However, she acknowledged the barriers facing voters who don’t have a permanent home or traditional mailbox. In the past, some have sent their mail to nonprofits that serve the homeless or even to their case managers, but some agencies no longer do that, Kaohu said.
Another option is the general delivery service at the post office, though Kaohu agreed that the limited time period and the need for photo identification — which takes time and money to get — are also barriers.
“Right now, I don’t have a solution for that, and I haven’t had an opportunity to speak with the other counties or the state to see how they’re trying to bridge that gap in their communities,” she said.
“I would love for the Legislature to break down some of these things and perhaps come up with some solutions or use the political will to have the U.S. Postal Service maybe go back to what it was, a longer period of time to be able to use general delivery, perhaps just maybe during the election years.”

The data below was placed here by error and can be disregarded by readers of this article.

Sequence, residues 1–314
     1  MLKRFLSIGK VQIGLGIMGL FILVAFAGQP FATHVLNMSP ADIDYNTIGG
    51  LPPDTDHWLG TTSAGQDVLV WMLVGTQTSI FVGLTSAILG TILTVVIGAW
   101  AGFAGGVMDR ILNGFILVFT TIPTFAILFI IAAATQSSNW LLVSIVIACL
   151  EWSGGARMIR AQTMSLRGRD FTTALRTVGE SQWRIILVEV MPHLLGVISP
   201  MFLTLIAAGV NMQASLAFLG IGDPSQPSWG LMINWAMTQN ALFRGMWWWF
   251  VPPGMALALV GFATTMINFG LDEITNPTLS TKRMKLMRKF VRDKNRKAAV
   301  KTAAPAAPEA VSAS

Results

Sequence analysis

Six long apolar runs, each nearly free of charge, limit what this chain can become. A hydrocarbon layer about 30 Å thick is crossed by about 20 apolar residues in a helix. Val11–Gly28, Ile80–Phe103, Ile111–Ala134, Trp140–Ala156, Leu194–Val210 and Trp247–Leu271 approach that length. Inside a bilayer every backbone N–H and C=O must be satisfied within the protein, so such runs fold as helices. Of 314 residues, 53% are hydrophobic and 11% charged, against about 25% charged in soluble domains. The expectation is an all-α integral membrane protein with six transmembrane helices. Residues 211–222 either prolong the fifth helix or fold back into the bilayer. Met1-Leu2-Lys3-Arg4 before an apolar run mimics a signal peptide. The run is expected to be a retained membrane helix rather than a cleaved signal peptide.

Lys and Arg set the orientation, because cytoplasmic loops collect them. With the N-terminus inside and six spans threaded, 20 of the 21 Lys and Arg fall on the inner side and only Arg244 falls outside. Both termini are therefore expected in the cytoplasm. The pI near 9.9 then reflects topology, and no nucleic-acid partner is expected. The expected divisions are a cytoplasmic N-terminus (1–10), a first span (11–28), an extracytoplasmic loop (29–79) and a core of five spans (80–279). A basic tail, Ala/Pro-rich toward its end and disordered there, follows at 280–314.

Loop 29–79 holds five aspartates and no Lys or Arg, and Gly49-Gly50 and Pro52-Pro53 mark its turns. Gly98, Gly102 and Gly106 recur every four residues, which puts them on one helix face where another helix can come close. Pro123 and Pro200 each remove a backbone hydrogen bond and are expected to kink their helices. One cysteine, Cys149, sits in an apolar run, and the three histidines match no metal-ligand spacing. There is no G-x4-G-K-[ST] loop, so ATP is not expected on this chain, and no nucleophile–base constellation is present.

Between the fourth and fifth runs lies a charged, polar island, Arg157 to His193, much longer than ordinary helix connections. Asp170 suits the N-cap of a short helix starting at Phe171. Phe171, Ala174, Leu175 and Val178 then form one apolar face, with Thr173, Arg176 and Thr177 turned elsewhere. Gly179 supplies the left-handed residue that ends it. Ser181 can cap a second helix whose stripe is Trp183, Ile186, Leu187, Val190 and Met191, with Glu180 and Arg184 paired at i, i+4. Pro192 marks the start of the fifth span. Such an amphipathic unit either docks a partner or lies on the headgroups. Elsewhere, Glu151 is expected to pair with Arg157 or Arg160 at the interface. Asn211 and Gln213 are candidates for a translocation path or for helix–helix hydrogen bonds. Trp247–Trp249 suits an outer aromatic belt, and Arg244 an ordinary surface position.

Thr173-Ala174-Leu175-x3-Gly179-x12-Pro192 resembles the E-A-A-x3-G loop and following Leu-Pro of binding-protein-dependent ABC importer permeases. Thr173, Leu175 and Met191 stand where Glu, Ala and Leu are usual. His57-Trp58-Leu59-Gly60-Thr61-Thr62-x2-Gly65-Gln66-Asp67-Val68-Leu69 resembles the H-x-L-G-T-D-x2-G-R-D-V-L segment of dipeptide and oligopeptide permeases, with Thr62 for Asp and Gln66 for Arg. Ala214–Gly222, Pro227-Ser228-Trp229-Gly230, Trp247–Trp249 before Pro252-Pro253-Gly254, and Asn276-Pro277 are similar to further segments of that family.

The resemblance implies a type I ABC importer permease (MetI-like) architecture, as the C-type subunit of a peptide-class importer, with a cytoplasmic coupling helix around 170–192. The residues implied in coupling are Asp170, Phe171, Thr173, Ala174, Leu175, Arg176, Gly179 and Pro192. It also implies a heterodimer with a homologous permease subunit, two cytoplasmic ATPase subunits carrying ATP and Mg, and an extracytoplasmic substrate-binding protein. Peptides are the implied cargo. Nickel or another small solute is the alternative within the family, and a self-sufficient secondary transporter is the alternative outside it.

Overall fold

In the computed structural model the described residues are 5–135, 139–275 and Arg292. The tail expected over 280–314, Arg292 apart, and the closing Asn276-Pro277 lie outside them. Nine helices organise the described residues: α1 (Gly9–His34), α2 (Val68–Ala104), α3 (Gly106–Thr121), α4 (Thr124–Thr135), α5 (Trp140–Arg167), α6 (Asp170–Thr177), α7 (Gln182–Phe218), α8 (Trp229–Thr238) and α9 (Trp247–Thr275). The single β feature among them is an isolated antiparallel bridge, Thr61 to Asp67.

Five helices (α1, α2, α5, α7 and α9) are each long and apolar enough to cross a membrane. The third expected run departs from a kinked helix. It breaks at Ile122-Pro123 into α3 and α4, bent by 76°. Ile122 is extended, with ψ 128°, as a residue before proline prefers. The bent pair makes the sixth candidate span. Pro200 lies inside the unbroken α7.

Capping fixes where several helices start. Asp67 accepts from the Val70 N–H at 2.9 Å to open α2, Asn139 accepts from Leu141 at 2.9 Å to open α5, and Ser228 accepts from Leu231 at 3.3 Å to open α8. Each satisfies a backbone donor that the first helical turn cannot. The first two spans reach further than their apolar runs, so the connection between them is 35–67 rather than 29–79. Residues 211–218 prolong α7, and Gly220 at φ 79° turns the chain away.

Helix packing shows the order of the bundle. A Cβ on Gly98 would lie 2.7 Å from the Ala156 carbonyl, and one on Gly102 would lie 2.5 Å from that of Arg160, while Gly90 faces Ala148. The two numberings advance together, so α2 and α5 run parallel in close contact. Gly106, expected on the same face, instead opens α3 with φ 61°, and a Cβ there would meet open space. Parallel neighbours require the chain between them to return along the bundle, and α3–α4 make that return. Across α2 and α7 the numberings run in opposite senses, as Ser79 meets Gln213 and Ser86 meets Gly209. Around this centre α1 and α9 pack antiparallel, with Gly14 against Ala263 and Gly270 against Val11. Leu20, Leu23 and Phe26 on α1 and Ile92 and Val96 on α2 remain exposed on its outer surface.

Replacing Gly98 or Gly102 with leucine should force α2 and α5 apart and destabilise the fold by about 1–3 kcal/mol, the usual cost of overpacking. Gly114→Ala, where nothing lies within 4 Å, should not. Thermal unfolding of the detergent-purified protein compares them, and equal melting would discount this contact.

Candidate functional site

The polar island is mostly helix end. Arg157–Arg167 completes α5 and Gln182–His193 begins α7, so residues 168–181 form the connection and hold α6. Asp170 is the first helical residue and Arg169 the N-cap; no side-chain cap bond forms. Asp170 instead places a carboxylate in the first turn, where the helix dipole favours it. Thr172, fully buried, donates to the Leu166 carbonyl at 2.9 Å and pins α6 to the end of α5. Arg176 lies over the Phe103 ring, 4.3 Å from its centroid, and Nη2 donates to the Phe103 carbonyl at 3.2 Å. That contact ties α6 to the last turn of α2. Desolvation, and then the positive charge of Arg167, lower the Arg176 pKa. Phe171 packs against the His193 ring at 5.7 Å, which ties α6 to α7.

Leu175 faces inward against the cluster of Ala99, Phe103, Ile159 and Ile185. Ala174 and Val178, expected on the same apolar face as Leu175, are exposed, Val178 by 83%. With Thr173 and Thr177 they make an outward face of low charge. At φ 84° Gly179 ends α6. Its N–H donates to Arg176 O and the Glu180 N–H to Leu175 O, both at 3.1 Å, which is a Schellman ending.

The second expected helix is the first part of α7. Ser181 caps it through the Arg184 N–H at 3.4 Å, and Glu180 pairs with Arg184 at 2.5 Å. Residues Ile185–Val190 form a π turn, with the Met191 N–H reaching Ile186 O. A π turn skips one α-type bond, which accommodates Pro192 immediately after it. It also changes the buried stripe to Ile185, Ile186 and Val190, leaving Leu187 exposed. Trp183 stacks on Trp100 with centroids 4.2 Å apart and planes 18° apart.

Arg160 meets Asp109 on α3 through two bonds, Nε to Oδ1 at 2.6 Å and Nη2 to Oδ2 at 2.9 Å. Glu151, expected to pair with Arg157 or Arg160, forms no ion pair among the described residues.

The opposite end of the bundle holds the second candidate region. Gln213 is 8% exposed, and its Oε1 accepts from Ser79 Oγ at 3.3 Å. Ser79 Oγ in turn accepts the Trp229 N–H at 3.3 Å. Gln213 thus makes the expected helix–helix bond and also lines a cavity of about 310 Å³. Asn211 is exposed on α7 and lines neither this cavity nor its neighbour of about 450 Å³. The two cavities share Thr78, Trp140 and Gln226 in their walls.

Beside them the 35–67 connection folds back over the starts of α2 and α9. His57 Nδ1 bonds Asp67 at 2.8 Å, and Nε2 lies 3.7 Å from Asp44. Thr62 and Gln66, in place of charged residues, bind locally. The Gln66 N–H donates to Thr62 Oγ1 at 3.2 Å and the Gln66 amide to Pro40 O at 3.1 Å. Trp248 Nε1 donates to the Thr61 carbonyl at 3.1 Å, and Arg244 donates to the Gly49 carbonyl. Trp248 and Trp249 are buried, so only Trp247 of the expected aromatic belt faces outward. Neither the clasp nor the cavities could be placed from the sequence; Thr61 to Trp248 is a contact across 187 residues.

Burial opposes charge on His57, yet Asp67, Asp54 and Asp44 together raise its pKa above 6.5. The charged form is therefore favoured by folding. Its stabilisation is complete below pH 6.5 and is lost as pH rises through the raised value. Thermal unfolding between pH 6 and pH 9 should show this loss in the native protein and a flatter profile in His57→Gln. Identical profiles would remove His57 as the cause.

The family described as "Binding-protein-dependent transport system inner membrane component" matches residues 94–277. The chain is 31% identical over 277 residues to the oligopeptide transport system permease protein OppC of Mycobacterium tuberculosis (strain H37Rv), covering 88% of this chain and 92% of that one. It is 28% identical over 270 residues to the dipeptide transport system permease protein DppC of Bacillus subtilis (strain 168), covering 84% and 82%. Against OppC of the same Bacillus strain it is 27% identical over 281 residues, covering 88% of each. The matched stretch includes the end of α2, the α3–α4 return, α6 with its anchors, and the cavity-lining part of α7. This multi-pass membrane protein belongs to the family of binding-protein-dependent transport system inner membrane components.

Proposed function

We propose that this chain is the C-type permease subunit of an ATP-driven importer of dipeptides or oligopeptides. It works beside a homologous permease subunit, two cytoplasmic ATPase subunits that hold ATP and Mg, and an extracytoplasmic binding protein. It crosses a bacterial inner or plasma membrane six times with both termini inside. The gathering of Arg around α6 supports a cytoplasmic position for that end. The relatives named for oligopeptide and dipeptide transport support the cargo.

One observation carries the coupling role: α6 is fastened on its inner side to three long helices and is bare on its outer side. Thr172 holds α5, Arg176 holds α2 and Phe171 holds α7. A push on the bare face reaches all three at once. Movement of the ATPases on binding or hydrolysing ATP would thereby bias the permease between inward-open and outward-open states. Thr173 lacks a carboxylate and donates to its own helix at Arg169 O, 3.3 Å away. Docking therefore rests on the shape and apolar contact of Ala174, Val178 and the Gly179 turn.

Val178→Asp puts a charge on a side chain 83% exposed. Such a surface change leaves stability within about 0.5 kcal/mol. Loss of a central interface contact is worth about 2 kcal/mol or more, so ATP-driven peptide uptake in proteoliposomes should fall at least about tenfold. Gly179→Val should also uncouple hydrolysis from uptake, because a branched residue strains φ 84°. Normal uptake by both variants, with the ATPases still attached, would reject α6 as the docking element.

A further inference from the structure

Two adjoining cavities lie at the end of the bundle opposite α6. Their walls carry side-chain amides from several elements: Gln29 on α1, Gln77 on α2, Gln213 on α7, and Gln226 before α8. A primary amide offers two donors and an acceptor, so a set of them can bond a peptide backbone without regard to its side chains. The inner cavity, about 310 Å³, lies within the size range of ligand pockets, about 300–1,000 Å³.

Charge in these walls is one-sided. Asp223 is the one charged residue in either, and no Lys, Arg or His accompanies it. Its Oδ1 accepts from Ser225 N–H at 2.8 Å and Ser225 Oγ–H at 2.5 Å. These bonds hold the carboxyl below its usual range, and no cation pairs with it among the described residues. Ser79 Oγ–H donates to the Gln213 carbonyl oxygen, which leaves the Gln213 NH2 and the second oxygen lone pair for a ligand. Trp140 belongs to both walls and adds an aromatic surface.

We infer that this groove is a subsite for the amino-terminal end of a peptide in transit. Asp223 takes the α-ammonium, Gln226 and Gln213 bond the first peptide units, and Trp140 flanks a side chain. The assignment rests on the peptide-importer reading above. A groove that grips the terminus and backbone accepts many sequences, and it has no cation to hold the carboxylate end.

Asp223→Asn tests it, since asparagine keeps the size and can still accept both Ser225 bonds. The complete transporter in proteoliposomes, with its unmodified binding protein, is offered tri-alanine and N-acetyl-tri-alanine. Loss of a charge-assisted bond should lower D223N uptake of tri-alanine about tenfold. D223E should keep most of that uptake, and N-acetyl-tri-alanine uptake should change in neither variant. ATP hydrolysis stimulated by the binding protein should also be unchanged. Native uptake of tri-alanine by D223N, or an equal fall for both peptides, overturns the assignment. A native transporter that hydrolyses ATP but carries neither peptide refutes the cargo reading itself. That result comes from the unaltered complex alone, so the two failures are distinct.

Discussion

However, Kaohu said she “would definitely be interested in looking at those options” that Collins brought up. Transportation is also a barrier, and if the county couldn’t use its own bus service, perhaps it could coordinate with other companies to shuttle registered voters to the service centers.
Kaohu also said she could see a possibility of opening a service center in Lahaina for the general election. If the county could schedule appointments for the service centers, it could control the flow better and “perhaps we wouldn’t need as many positions,” she said.
With the Aug. 8 primary just around the corner, Kaohu said 19,490 ballot envelopes had been returned as of Wednesday.
Some of those envelopes came without a signature or are requests for new ballots. The county is mailing back ballot packets without signatures to allow voters a chance to sign them, as ballots without signatures will not count.
* Colleen Uechi can be reached at firstname.lastname@example.org.